Violence returns to Baghdad as protesters injured by security forces
Violence returned to Iraq’s streets on Sunday night as protests resumed in Baghdad and Najaf, with several demonstrators said to be injured by security forces.
According to footage on social media, a number of demonstrators were targeted with live ammunition by security forces after demonstrators blocked a main road near Tahrir Square, the city’s protest hub. Other videos show security forces appearing to use tear gas and sound grenades to disperse protesters.
Two protesters were killed in the clashes, medics confirmed to AFP on Monday morning.
Yehia Rasool, spokesperson for the commander-in-chief said a number of security forces were also wounded.
Security forces are “committed to protecting peaceful demonstrators” upon orders from their superiors and will refrain from violence “except in cases of extreme necessity,” he tweeted.
The United Nations Assistance Mission for Iraq (UNAMI) condemned the violence.
Protests erupted across central and southern Iraq in October 2019, with overwhelmingly young crowds demanded jobs, services, and action against corruption. When demonstrators began to be killed by security forces and pro-Iran militias, activists began demanding an end to foreign interference in Iraqi affairs and called for the overthrow of the political elite.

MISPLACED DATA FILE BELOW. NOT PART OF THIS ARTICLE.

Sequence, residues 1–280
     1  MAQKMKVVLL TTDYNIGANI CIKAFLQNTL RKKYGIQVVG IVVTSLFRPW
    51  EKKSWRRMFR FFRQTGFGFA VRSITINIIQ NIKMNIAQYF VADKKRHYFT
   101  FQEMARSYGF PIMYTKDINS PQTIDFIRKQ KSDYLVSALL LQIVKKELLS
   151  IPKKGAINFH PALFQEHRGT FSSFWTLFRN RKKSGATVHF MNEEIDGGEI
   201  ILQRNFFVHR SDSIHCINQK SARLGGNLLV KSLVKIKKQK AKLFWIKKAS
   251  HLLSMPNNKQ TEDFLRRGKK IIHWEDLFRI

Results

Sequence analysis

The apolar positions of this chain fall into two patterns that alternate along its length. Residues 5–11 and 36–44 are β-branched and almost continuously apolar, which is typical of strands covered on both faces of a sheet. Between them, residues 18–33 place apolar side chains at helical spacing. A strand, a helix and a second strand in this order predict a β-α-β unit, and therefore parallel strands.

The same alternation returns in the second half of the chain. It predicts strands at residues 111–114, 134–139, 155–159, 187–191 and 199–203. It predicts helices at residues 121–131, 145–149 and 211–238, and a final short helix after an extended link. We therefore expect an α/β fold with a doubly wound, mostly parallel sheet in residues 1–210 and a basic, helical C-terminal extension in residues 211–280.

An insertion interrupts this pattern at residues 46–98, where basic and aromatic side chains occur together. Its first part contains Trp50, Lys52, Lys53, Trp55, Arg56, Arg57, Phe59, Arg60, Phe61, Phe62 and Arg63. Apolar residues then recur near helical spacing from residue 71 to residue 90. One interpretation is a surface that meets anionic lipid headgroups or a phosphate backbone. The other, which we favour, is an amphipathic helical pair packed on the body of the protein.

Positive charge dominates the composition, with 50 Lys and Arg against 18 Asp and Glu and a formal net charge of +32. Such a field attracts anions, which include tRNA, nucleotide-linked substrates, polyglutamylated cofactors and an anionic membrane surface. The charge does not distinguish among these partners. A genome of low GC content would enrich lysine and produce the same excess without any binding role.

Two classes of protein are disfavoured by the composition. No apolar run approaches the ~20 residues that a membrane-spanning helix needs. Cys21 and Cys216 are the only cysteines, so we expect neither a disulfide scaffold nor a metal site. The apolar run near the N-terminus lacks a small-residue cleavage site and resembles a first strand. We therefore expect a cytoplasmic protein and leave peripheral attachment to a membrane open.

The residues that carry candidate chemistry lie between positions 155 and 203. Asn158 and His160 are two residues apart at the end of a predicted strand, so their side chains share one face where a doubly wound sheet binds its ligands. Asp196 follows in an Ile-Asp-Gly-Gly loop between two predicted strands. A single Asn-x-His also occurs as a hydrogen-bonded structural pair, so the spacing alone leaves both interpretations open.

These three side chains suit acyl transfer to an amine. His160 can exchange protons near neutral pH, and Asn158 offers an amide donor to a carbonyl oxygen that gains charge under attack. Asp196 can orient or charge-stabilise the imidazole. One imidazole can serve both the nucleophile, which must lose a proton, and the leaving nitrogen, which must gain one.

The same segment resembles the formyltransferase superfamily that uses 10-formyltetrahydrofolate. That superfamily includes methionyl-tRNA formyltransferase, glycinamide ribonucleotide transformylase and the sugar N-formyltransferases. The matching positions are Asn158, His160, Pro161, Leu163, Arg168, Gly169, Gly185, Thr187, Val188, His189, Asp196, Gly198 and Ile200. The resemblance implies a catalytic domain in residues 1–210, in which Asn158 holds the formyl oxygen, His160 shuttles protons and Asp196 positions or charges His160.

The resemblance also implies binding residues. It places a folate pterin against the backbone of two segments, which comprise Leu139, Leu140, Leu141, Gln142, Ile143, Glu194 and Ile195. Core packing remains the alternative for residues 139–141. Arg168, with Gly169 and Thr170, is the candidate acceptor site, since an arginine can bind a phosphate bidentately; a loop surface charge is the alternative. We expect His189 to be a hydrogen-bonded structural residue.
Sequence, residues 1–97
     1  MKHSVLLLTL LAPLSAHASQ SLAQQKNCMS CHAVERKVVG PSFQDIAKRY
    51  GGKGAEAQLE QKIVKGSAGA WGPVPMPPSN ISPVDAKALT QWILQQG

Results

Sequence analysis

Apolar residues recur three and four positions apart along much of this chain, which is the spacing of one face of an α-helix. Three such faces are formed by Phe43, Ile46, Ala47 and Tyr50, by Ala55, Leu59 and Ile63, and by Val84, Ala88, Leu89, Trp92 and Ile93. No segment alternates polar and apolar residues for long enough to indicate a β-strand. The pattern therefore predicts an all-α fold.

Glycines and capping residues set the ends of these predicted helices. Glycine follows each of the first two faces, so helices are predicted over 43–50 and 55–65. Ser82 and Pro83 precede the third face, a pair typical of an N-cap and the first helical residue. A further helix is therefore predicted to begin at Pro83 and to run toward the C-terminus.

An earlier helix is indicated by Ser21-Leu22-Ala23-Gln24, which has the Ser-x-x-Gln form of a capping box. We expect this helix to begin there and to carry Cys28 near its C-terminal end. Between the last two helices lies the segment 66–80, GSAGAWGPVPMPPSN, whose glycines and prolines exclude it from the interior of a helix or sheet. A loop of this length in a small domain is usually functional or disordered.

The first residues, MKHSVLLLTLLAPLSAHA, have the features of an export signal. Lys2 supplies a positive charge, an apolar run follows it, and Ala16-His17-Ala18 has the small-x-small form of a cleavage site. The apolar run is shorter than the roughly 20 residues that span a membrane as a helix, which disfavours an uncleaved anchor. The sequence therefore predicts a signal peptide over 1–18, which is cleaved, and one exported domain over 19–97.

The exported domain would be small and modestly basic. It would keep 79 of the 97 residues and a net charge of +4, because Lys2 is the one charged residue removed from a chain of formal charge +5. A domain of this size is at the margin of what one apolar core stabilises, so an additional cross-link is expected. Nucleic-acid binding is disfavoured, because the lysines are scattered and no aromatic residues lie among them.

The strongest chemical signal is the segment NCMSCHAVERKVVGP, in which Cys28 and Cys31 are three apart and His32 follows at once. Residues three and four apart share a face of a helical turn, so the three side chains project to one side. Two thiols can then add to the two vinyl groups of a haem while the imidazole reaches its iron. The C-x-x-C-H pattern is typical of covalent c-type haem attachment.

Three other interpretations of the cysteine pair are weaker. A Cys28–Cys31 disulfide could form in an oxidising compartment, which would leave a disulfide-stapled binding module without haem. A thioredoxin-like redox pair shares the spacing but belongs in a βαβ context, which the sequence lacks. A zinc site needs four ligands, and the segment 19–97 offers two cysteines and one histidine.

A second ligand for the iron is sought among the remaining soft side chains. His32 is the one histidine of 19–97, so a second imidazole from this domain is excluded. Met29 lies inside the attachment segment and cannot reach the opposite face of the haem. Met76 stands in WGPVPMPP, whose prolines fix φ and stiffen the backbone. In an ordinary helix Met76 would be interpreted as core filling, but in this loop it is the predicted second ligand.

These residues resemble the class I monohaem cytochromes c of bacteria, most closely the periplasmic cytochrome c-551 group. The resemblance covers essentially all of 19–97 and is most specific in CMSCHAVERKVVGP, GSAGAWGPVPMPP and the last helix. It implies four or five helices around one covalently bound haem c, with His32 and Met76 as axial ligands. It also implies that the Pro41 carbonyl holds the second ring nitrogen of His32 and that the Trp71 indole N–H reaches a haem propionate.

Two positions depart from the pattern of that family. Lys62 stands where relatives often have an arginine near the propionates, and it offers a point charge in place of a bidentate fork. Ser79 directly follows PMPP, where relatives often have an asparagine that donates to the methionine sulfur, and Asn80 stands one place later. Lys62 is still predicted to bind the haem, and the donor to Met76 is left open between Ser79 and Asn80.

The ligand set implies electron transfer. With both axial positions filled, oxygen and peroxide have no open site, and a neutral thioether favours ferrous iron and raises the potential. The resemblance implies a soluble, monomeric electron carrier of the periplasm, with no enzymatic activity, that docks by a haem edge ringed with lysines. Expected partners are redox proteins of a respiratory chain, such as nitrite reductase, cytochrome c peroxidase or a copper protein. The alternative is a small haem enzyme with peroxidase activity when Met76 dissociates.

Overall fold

By the end of November last year, former Iraqi Prime Minister Adil Abdul-Mahdi resigned after mounting pressure from protesters and an official call from Iraq’s highest Shiite authority, Grand Ayatollah Ali al-Sistani.
With a new government appointed but the old establishment securely in place, the dormant movement erupted once again in early May.
Approximately 600 have been killed and more than 18,000 injured since October, according to human rights monitor Amnesty International.
Najaf also saw protests on Sunday, with demonstrators blocking a main road leading to the city’s international airport, burning tires as they demanded electricity and basic services.
Last night’s violence came a day after Kadhimi announced preparations to reveal the names of protesters killed since demonstrations began.
In an official letter published on May 7, Amnesty urged Kadhimi to prioritize human rights, take action on domestic violence, and investigate the killing of hundreds of protesters during the country’s recent unrest. Source